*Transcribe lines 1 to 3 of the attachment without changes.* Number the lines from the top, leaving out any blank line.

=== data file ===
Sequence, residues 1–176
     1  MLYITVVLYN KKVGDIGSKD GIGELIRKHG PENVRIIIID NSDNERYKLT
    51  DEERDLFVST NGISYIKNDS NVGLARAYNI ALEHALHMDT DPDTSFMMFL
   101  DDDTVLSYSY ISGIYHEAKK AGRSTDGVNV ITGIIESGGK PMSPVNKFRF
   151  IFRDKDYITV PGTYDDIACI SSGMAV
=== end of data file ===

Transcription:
Sequence, residues 1–176
     1  MLYITVVLYN KKVGDIGSKD GIGELIRKHG PENVRIIIID NSDNERYKLT
    51  DEERDLFVST NGISYIKNDS NVGLARAYNI ALEHALHMDT DPDTSFMMFL